- Take advantage of YouTube’s “live” programming to augment the April 23 premier with something real time (perhaps one of the webstars watches the debut and invites interaction with fellow fans). If MysteryGuitarMan said he was going live on YouTube on the evening of April 23, I imagine hundreds of thousand would follow.
- Recognize that the YouTube aspect of the campaign is valuable far beyond the campaign. For instance, my Fringe promotions have accumulated significant views long after the debut. There’s a perpetual nature to these programs. As Hitviews CEO Walter Sabo says, “Campaign Duration: Forever.” The 105 videos his company has delivered for brands have accumulated in excess of 30 million views.
- Finally the real way to “break the fourth wall” is to allow a television show’s cast to interact and collaborate with prominent YouTube creators. This can be difficult, but possible. In the case of my “Meet the Fringe Cast” video, I simply learned the cast was at ComicCon, and I convinced the sponsor (Fox) to allow me the same access the network/producers gave to professional media. In another example, we saw V’s “Anna” (Morena Baccarin) appear on YouTube’s homepage with a custom message for YouTubers, and that was a “bar raising” move. Now imagine iJustine mingling with Mark Sheppard, which would carry as much weight as a local media tour to promote the show. iCarly’s Freddy Benson (Nathan Cress) met with YouTube’s prolific “ShayCarl/Shaytards” in a casual meeting that I would have paid to facilitate if I was Cress’ manager or iCarly’s promoter.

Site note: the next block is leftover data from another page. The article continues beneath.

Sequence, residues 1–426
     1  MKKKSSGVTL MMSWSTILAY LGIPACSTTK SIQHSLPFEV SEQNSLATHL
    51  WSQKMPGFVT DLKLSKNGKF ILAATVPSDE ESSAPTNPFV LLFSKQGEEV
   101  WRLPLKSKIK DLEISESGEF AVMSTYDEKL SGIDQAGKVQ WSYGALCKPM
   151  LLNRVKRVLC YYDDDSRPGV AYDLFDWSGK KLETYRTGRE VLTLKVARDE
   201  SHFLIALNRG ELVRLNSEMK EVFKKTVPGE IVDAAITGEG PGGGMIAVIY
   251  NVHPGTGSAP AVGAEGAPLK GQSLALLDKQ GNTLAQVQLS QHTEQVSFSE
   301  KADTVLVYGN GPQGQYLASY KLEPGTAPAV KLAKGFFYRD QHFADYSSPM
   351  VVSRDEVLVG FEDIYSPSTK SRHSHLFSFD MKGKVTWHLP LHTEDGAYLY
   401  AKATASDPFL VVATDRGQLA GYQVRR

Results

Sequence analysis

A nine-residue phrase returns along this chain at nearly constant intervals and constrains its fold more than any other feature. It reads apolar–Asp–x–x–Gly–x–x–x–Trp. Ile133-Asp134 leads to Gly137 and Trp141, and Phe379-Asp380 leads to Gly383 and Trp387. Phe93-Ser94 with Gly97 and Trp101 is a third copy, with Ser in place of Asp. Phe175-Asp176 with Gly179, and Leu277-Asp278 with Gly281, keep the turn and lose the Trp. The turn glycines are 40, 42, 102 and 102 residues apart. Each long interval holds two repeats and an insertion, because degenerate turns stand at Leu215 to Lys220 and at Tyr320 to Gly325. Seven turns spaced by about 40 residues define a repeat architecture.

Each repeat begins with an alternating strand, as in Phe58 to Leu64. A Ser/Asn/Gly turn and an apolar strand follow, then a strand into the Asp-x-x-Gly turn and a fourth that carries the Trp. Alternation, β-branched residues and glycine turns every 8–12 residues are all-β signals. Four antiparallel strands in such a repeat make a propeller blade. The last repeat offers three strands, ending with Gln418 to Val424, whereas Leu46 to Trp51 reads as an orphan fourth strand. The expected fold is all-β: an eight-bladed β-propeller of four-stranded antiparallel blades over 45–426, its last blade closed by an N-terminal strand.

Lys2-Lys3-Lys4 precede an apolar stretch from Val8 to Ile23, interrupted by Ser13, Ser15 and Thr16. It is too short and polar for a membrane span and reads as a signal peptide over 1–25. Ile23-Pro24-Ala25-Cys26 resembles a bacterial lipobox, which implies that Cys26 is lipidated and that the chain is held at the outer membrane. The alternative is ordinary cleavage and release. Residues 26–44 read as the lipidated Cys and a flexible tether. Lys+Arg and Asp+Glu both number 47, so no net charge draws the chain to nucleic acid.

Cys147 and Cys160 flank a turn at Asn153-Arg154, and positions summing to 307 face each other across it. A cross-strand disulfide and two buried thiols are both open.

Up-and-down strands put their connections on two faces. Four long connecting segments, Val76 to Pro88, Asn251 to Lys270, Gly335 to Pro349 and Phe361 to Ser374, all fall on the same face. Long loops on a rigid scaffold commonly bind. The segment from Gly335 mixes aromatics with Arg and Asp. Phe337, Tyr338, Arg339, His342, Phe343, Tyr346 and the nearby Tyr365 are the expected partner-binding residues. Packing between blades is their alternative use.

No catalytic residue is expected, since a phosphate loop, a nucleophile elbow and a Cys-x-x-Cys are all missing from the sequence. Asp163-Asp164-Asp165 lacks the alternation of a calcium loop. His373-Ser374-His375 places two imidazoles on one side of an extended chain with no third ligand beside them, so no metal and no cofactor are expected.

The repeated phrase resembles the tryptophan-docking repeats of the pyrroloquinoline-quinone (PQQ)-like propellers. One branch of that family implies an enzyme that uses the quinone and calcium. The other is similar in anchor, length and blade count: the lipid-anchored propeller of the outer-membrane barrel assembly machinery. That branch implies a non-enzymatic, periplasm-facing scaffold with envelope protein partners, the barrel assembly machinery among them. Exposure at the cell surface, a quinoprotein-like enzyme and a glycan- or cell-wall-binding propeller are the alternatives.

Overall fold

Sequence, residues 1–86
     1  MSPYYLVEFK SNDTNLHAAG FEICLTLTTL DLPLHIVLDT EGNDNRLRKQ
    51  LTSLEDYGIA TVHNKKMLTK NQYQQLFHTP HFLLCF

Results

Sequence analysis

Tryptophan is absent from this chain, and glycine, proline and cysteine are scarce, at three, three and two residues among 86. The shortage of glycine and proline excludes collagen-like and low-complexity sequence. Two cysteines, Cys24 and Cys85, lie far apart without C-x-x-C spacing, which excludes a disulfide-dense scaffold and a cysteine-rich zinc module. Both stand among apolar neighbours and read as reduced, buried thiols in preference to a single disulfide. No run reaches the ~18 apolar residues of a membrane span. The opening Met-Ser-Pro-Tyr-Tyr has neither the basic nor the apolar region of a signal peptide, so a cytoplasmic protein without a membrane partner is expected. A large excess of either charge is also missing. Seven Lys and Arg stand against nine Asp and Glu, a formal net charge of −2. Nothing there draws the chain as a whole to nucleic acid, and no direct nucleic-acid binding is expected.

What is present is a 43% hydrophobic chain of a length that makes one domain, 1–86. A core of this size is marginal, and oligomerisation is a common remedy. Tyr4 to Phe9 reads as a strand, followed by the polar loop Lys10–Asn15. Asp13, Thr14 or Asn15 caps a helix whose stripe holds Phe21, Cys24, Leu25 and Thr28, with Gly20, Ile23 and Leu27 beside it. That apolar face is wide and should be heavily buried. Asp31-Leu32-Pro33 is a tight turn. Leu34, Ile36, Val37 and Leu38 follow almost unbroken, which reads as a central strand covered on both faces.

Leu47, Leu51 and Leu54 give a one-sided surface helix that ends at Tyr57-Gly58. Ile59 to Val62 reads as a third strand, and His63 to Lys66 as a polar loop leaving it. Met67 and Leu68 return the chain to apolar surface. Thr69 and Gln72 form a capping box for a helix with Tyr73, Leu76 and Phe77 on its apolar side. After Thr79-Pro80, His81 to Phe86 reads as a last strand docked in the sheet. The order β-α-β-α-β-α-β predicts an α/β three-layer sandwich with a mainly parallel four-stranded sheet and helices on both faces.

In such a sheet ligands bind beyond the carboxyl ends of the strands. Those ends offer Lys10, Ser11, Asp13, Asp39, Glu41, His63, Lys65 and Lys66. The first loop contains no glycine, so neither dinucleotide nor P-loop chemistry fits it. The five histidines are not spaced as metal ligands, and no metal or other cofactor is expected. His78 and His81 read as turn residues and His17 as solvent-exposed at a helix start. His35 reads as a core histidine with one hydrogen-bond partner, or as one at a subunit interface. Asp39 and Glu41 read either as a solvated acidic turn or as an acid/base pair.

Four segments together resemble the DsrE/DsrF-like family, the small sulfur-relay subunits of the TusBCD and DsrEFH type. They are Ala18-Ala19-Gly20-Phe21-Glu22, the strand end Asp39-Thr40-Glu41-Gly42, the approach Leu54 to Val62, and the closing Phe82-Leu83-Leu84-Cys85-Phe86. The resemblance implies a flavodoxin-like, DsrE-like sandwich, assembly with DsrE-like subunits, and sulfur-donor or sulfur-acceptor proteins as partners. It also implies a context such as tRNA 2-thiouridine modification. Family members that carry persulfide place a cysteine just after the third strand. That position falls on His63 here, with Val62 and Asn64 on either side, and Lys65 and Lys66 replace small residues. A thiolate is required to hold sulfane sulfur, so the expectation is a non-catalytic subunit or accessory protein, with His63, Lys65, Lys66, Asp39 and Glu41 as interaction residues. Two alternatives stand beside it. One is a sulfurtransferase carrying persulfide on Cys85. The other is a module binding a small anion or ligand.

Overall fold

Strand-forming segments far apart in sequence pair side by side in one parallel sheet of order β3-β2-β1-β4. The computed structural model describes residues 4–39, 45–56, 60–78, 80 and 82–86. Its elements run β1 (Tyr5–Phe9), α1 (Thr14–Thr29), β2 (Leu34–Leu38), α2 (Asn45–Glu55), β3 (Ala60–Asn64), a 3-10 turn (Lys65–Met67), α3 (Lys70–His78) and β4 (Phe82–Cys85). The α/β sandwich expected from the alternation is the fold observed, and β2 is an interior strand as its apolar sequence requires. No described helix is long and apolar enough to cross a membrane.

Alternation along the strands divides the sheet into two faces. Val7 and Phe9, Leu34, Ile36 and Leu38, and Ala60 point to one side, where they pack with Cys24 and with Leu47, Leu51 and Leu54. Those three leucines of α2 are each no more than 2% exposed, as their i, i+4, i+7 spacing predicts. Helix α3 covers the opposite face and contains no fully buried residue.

- Lastly, and this is really difficult, it would be great to find ways to permit clips from the show intermixed with the YouTube videos. For very good reasons this is rare. Often the network promoting the show doesn’t have the rights to use the content in promotion. The benefit, however, is you can give people a contextual teaser of the show’s actual content… as I did with “Fringe is Scary.” These clips were approved by the producer (JJ Abrams’ Bad Robot) for use with media, and I even snuck in some very tiny snippets beyond those in the media library.
I’m sure it was not part of the campaign that Elisabeth Sladen died this week (she’s the British actress who played intrepid investigative journalist Sarah Jane Smith throughout the classic BBC series’ 30-year run). But only one Guy calls those shots, and he’s not much of a marketer (thank God).